"Government thugs beat him for daring to protest and they threatened to do worse, accusing him of being gay."
(Author’s note: the names of the immigrants described here have been changed to protect their safety.)
I met Juan I and Juan II while they were detained in Otay Mesa Detention Center, a San Diego immigration prison. Both are 20 years old, both are gay. Juan I is from Venezuela. Juan II began his journey north in El Salvador.
Today, Juan I is in New York using the patience he was forced to learn over the last eight months to help him make a new life. Juan II was deported. I worry that the gangs he was fleeing from have found him.
My telephone number circulates among LGBT detainees at Otay Mesa Detention Center. Like others seeking asylum, I met Juan I and Juan II on the phone. Both were afraid they would be deported to countries where they are hated for being gay.
I put some money in their commissary accounts and urged him to write letters to non-profit organizations asking for legal assistance. Both men impressed me as caring for others. Prisons environments encourage people to look out only for themselves. Juan I and Juan II reached out to help transgender women they met at Otay Mesa.
Over the next few months, I learned more about them.
Juan I aspired to be a professional bicyclist, and he may yet get that opportunity. As a college student in Venezuela, he dared to be an activist for democracy. Government thugs beat him for daring to protest and they threatened to do worse, accusing him of being gay.
After the beating, he needed medical help, but he had to lie to his family about why. He was uncertain how they would react to his homosexuality and because he wanted to protect them from the gangs who would target them all. Eventually, a relative told him that he was on a government hit list. He fled, first to Colombia, where he was targeted for being gay and an immigrant. He ran again, this time to the United States.
A couple of weeks ago ago, I got the following email from his attorney: “He won yesterday and was released last night! Thank you for your support.” In detention, Juan I won the lottery.
First, Queer Detainee Empowerment Project in New York offered to provide support for Juan I if won his asylum case.
Second, Casa Cornelia took his case. It is one of a very few non-profit law firms in San Diego providing pro-bono legal services to immigrants.
But Juan II had to fight his case on his own. I guess that in the triage that pro-bono lawyers are forced to perform, they determined it was unlikely he would win. That is the bottom line for the vast majority of asylum seekers. If there is a reason they are unlikely to win their cases, attorneys will move on to someone they feel they can help. If they can’t get a lawyer, they are even less likely to receive asylum.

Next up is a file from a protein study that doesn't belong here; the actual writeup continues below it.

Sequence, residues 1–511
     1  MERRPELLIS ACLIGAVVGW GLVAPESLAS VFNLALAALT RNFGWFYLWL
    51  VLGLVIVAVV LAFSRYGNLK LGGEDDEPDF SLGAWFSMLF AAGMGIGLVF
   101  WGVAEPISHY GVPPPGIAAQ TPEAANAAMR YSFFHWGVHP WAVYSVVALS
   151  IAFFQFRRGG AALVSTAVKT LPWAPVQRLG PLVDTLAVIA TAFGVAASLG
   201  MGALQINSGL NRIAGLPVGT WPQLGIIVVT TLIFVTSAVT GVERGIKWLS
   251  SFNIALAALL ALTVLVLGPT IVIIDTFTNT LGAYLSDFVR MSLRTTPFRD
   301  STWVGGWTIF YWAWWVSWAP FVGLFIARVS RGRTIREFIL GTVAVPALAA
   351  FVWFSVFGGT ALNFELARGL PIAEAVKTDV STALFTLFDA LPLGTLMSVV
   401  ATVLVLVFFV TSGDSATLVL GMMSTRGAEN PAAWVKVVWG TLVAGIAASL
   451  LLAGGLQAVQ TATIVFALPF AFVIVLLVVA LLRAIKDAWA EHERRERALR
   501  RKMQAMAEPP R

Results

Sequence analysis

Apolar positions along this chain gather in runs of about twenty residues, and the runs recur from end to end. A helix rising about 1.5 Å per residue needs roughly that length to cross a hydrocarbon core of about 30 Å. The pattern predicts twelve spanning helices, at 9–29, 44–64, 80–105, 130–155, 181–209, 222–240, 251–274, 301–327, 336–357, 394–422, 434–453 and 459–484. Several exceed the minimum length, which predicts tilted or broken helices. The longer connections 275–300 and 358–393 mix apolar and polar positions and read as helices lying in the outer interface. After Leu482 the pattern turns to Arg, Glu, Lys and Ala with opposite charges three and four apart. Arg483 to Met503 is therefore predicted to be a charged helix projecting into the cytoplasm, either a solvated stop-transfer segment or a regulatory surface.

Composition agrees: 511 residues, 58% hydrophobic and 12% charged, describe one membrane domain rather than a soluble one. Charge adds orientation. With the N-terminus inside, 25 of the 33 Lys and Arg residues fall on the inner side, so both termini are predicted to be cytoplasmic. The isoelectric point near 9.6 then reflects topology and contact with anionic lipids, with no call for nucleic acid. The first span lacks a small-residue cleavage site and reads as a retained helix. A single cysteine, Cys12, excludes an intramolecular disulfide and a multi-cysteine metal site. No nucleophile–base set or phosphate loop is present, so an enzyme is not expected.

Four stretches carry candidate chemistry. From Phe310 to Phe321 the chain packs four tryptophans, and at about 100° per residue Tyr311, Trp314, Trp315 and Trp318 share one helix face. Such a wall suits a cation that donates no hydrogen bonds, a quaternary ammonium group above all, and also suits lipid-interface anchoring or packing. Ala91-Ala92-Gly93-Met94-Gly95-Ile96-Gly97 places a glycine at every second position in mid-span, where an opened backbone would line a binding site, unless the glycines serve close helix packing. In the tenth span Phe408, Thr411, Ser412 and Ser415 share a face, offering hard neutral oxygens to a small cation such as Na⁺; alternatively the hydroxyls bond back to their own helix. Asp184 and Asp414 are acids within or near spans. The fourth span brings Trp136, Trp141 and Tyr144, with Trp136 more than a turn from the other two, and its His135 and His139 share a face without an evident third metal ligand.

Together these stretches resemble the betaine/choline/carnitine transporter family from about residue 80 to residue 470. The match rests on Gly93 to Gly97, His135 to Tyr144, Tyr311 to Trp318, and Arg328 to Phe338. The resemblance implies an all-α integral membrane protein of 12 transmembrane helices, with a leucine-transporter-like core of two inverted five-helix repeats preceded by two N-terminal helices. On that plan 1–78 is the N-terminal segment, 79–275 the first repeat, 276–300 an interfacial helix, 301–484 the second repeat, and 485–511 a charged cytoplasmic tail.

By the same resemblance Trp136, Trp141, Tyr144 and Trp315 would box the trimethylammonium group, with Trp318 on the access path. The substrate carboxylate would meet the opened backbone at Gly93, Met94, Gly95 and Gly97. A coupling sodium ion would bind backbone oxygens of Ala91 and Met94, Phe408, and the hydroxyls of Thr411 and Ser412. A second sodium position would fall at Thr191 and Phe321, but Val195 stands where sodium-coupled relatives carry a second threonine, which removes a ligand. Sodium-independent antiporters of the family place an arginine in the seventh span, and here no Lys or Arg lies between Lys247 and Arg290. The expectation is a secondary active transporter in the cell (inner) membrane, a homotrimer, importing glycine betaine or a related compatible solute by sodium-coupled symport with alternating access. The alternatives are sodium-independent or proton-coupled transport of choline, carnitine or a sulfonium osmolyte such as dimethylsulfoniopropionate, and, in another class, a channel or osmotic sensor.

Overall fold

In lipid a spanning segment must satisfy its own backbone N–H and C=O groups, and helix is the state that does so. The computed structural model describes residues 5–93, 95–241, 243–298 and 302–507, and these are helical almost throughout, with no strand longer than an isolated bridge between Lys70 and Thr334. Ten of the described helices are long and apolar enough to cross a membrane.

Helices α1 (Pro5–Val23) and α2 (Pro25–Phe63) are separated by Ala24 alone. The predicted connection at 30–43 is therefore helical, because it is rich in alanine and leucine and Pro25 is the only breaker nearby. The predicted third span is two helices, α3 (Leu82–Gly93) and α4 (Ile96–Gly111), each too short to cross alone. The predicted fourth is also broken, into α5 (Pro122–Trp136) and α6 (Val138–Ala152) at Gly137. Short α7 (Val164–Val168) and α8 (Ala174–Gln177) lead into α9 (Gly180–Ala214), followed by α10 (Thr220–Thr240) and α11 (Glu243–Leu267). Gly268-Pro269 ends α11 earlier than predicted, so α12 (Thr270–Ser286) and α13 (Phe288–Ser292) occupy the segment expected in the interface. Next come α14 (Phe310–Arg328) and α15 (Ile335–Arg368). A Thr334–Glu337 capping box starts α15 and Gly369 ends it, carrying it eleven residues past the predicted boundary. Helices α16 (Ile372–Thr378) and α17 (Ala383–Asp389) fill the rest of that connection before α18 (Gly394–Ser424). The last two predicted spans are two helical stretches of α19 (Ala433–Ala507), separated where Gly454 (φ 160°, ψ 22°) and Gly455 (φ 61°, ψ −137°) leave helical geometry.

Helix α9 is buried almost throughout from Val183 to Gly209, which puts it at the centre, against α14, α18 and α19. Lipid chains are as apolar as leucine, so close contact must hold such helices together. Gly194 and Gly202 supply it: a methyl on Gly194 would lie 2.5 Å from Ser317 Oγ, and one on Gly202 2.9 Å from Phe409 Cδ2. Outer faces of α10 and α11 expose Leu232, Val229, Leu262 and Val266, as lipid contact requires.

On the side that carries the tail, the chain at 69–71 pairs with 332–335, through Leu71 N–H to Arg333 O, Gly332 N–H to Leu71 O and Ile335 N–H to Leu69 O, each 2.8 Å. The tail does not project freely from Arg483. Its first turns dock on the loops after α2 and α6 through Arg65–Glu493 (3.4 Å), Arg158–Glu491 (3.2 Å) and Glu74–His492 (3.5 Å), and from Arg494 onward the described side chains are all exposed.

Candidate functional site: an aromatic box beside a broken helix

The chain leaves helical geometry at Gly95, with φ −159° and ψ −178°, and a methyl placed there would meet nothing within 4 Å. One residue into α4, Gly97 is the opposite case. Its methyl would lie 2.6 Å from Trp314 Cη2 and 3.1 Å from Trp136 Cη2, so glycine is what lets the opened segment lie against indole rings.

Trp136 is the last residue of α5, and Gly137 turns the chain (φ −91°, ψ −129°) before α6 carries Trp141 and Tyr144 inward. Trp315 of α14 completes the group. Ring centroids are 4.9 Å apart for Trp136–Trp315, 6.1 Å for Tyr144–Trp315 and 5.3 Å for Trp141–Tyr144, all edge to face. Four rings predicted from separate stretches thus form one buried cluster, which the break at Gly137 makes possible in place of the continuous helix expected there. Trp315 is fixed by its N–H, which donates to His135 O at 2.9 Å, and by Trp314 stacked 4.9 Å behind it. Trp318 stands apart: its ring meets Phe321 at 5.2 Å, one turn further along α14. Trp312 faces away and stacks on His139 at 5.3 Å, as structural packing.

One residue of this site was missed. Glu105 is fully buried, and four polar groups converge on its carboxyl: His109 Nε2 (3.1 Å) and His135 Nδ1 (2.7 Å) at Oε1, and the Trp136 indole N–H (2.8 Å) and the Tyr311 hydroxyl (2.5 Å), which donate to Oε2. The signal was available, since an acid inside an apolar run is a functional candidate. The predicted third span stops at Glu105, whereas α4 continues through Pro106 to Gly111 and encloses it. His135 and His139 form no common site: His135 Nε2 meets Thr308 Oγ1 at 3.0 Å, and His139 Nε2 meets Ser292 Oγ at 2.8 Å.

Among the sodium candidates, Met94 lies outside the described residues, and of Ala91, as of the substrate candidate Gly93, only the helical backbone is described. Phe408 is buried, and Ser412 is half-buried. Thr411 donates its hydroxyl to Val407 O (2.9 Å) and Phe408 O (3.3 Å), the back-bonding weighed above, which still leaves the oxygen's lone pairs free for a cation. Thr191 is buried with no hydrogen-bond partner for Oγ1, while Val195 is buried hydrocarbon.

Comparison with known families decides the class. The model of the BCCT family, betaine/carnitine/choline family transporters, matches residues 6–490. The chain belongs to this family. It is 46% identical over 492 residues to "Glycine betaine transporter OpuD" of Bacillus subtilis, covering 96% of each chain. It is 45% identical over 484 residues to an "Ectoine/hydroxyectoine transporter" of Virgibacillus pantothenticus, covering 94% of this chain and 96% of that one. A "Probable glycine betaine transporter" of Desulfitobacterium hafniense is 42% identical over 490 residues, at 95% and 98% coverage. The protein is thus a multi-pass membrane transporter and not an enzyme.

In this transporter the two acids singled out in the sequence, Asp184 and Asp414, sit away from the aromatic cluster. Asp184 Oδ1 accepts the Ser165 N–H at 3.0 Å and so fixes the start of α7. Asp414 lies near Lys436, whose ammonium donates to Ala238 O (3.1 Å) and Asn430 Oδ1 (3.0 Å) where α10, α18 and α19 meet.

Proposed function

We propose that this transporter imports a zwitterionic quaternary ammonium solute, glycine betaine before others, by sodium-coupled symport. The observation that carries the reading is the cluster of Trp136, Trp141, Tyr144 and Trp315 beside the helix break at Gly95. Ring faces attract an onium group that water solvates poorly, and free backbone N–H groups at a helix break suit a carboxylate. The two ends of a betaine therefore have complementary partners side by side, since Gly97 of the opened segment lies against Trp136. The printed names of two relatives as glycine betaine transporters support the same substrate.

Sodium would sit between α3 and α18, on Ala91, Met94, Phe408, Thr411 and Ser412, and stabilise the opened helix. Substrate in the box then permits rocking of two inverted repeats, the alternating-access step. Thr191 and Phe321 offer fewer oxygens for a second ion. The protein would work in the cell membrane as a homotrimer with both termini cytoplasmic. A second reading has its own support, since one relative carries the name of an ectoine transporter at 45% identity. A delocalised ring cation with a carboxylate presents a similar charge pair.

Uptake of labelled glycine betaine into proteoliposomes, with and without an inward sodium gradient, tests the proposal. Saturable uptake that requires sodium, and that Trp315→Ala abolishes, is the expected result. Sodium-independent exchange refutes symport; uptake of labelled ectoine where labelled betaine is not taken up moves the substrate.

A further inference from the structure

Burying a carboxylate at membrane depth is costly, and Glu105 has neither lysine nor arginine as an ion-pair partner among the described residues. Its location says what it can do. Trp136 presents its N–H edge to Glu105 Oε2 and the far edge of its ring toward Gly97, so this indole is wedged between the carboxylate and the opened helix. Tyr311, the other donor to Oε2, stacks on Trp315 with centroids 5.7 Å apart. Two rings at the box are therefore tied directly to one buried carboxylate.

Juan II is not a criminal. He was orphaned at an early age and an aunt began raising him. He realized as a teen-ager that he is attracted to men, and like Juan I kept it a secret. But schoolmates began bullying him, probably because he wasn’t masculine enough by their standards. When his aunt and her other children wanted to know why he was refusing to go to school, he told them. Their response: They didn’t raise him to be a woman.
The teenager left school permanently and began working, but over and over again was accused of being gay and verbally and physically assaulted. Some who targeted him were gangsters. Some were not.
Like Juan I, he ran, but he couldn’t find a place where he could live and work in peace. Eventually, he came to Mexico, and did exactly what the Trump administration would want. He sought asylum from that country and received permanent residency. But it did him no good.
Many Mexicans, like societies in other Latino countries, hate gay men. Although the federal government has taken some steps to recognize the worth of its LGBT citizens, Mexico was No. 2 for homophobic crimes in Latin America. According to a report recently in Mexico News Daily, 976 gay men and 226 transgender women were murdered between 1995 and 2015. It is estimated that for every reported crime there are three or four more that go unreported.
Juan II crossed the border and asked for asylum in the United States. Although he wrote the same letters of appeal to organizations asking for legal support, the only answer he received was silence. What could those attorneys say? They likely knew he’d lose his asylum case because he made the mistake of thinking he might be able to live in Mexico. His permanent residency in Mexico would be a witness against him at trial.
I wrote a letter of support for Juan II, hoping for the best. I reminded the judge that in El Salvador LGBT people face high rates of violence and homicide. About 500 hate crimes against LGBT people were reported between 1998 and 2015.
Although the judge didn’t send him back to his native El Salvador, Juan II was told that he could only stay in the United States only if Mexico refused to accept him. What was unsaid: Mexico is being pressured by the Trump administration to stop migrants from crossing the border and to send them back to their countries of origin.
He was deported to Mexico, and I haven’t heard from him since. Is he in Mexico or El Salvador? And since neither place is safe for him, what then?
My wife and partner in supporting immigrants, Meredith, reminds me that Juan II has more important things to worry about than calling me. I know Juan II will get in touch with me. If he can.
I keep reminding myself about Juan I. But there are many more like Juan II at Otay Mesa.